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The Financial Times
A suspension in share trading of two Singapore-listed Chinese companies due to debt servicing problems has undermined investor confidence in the China-related sector that has been a driving force behind the Singapore Exchange’s recent growth.
The trading halts were in response to a disclosure by FerroChina, a steel-coil maker, that it was unable to repay short-term loans and reports that the owners of China Printing & Dying Holdings had gone into hiding due to financial troubles.
Analysts say the debt problems of FerroChina and China Printing suggest bankruptcy threats in China could be more widespread than has been officially admitted.
There are fears that other Singapore-listed China companies, known as S-chips, might face similar difficulties, which has helped push down the FTSE-ST China index by more than 80 per cent this year.
Even the best-known S-chips have not been immune from selling pressure. Cosco, a shipyard company, and Yanlord, a property developer, are the two worst performers among the 30 stocks included in the mainboard Straits Times index this year, although analysts say their balance sheets are healthy.
FerroChina and China Printing “are creating the impression that problems may be lurking among other S-chips. This is going to affect investor sentiment towards them for some time,” said Alan Lok with SIAS Research Investment in Singapore.
Equity analysts have been blamed for failing to heed warning signs, but “it’s also a question of transparency,” said Mr Lok.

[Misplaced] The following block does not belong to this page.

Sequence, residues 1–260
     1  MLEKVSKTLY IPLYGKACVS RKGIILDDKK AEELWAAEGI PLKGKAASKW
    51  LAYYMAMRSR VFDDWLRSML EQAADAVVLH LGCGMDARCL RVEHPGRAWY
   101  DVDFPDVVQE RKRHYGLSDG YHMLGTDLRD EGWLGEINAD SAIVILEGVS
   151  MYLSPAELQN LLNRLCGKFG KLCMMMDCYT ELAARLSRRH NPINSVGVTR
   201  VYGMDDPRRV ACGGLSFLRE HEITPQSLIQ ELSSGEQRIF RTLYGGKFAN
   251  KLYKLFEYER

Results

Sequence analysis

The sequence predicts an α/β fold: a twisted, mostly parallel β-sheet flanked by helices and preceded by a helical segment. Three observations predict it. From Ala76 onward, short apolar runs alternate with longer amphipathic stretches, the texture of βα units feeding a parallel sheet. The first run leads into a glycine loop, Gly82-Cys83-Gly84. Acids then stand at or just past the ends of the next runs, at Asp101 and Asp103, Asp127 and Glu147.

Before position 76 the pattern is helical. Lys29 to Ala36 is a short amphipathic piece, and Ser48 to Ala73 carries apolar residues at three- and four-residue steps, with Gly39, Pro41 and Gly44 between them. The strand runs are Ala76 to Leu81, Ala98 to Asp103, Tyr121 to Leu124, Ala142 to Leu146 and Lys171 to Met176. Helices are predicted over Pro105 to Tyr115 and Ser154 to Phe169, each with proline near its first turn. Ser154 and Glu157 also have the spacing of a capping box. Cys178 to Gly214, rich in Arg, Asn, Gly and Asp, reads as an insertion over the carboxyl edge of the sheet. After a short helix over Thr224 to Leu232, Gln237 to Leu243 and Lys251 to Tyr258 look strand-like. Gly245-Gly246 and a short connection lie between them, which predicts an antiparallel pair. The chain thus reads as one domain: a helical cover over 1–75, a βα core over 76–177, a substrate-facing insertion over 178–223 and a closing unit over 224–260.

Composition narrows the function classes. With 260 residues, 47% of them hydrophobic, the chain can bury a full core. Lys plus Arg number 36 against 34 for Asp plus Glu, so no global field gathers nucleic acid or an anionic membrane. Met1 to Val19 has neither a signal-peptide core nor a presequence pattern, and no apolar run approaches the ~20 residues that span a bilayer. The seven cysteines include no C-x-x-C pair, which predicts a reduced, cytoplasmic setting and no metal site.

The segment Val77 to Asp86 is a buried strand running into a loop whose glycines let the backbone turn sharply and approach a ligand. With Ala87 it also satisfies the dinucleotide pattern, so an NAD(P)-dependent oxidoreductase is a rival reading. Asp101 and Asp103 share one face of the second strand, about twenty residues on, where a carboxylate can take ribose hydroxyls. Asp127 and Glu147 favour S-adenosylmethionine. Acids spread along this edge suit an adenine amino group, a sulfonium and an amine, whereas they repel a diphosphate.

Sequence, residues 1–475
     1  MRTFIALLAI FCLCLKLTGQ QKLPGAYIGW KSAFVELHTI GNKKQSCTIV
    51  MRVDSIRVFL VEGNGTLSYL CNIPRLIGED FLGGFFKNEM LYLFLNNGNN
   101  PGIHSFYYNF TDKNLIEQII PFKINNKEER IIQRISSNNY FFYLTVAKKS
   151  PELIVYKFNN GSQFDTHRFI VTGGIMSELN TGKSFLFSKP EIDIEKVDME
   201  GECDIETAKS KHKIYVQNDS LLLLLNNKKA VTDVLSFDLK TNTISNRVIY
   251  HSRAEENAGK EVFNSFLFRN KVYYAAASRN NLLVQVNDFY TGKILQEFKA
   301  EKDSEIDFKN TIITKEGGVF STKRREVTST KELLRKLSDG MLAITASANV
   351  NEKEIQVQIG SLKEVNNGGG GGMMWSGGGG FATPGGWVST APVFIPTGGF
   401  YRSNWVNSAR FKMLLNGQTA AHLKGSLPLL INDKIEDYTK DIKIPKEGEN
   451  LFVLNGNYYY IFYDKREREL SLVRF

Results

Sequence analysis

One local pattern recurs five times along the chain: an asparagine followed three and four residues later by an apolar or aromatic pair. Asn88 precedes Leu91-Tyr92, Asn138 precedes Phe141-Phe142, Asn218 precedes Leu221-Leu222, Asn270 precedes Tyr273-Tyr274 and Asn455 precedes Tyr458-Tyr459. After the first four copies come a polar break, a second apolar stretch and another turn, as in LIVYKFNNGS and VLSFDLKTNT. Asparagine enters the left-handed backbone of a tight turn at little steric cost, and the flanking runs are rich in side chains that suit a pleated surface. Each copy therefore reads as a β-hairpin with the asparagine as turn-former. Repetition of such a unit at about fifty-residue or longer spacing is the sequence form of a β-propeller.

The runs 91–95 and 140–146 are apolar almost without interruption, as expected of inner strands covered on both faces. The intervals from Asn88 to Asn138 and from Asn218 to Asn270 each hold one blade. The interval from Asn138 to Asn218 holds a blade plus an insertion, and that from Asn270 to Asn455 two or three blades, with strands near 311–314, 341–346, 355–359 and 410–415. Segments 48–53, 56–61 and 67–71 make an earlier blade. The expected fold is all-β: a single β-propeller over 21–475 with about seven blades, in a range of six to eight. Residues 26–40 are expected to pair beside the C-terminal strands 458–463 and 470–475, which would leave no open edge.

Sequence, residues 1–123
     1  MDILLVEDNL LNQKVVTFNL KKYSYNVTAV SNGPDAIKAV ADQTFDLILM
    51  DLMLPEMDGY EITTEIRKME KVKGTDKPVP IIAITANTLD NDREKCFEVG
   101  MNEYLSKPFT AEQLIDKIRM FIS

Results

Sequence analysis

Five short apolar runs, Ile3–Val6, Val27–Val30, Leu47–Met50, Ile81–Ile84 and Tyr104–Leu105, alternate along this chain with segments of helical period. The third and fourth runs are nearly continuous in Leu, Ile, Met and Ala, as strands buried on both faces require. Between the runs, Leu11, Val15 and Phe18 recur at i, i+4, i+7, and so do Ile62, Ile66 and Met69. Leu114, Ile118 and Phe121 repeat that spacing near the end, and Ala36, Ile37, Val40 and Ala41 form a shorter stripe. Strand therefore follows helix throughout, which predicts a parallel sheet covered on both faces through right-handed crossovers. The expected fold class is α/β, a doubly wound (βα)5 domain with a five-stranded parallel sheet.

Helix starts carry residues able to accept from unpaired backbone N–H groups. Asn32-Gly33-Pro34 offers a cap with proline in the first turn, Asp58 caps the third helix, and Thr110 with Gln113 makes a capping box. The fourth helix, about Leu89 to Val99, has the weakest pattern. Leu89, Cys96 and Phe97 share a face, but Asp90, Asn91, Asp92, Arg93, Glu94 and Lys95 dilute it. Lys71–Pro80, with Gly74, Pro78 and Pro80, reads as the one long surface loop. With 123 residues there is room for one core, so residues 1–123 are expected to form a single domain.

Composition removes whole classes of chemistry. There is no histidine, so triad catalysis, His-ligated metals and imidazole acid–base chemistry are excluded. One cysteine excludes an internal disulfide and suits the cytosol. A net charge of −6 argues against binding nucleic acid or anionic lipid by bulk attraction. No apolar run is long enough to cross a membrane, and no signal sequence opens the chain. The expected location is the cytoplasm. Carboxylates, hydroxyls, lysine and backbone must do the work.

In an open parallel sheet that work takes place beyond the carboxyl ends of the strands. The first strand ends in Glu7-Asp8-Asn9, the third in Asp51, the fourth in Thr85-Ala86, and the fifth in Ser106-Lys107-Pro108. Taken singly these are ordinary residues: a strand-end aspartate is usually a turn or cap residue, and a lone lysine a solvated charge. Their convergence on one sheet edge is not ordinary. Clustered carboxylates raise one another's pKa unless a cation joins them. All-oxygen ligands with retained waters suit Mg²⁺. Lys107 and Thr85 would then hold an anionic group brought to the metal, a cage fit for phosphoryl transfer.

FerroChina’s sudden debt disclosure “caught us and the market by complete surprise, given that recent meetings with FerroChina yielded no inklings of such problems,” Lawrence Lye, an analyst at CIMB-GK, a local brokerage, said in a research note.
Transparency issues have been a focus of attention since China Aviation Oil, another S-chip, failed to provide timely information on losses stemming from oil derivatives trading in 2005, which resulted in the city-state’s biggest stock market scandel since Nick Leeson. a Singapore-based trader, caused the collapse of Barings Bank in 1995.
The SGX since then has sought to improve corporate governance and tighten listing procedures for S-chips, which have been crucial to its strategy to expand beyond its limited source of local listings.
About 150 China companies, most of them small and medium-sized businesses, make up nearly a fifth of the 775 listings on the SGX. They are among the most heavily traded stocks by retail investors due to their relatively low prices, with Ferrochina having been among the most popular.
“There is a perception that Hong Kong gets the best China companies and Singapore the second rate ones,” said a Hong Kong-based regional economist.
“Big Chinese companies prefer Hong Kong because it offers greater exposure and closer geographical proximity,” said Mr Lok.
But Han Meng Tan, a Singapore-based Citigroup analyst, says Singapore has been able to attract market leaders in several Chinese sectors, such as textiles. “The financial problems affecting S-chips are also being felt in Hong Kong. This is not just a Singapore problem,” he said.